Second—There are several kinds of love. One is a selfish, mean, grasping, egotistical thing which uses love for self-importance. This is the ugly and crippling kind. The other is an outpouring of everything good in you—of kindness and consideration and respect—not only the social respect of manners but the greater respect which is recognition of another person as unique and valuable. The first kind can make you sick and small and weak but the second can release in you strength, and courage and goodness and even wisdom you didn’t know you had.

You say this is not puppy love. If you feel so deeply—of course it isn’t puppy love.

But I don’t think you were asking me what you feel. You know better than anyone. What you wanted me to help you with is what to do about it—and that I can tell you.

Glory in it for one thing and be very glad and grateful for it.

The object of love is the best and most beautiful. Try to live up to it.

If you love someone—there is no possible harm in saying so—only you must remember that some people are very shy and sometimes the saying must take that shyness into consideration.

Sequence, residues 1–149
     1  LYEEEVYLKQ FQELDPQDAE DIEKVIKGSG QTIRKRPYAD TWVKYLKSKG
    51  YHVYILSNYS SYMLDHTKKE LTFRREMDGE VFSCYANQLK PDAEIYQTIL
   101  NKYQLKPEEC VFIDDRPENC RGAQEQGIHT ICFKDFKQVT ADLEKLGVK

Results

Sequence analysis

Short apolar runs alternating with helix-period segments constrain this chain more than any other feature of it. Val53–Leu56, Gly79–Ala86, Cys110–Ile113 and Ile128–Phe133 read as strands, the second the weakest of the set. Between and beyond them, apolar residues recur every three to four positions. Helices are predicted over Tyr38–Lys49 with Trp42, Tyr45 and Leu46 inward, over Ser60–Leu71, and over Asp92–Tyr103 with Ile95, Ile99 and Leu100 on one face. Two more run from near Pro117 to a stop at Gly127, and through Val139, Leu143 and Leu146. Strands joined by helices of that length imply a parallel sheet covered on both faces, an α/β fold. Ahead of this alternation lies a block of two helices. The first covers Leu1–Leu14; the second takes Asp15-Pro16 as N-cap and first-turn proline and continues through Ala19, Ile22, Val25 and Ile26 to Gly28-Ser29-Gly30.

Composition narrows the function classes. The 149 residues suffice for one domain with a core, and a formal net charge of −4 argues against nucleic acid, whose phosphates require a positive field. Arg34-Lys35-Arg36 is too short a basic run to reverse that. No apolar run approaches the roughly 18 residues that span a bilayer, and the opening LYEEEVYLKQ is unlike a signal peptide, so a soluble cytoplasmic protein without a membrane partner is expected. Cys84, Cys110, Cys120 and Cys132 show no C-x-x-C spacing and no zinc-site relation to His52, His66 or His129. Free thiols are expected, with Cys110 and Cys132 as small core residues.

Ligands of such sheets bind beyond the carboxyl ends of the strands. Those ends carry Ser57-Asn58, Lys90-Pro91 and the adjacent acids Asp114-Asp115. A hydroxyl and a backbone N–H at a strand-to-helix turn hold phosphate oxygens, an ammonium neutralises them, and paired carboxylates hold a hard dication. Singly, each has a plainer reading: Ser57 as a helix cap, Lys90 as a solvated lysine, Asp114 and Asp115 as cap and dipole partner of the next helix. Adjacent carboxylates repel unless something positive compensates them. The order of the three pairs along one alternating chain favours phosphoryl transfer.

Girls have a way of knowing or feeling what you feel, but they usually like to hear it also.

It sometimes happens that what you feel is not returned for one reason or another—but that does not make your feeling less valuable and good.

Lastly, I know your feeling because I have it and I’m glad you have it.

We will be glad to meet Susan. She will be very welcome. But Elaine will make all such arrangements because that is her province and she will be very glad to. She knows about love too and maybe she can give you more help than I can.

And don’t worry about losing. If it is right, it happens—The main thing is not to hurry. Nothing good gets away.

Love,
Fa

Love is Intended to be Realized in the Offering, Not in the Receiving

According to University of South Florida’s Seneca scholar Anna Lydia Motto, the great Stoic philosopher’s writings are chockfull of his profound understanding of the true significance of the many forms of love—i.e., love for one’s spouse, family, friends, fellow humans, and country.

'Moral letters to Lucilius' by Seneca (ISBN 1536965537) In Moral Letters to Lucilius (Latin orig. Epistulae morales ad Lucilium), Seneca quotes his friend and fellow Stoic philosopher Hecato (or Hecaton of Rhodes):

I shall show you a love
potion without a drug, without
a herb; without the incantation
of any sorceress: if you want
to be loved, love.

The Ability to Love is a Faculty to Develop and Practice

Love is an oft-misunderstood concept. The German Philosopher Erich Fromm (1900–1980) wrote in his brilliant The Art of Loving (1956) “Most people see the problem of love primarily as that of being loved, rather than that of loving, of one’s capacity to love. Hence the problem to them is how to be loved, how to be lovable.”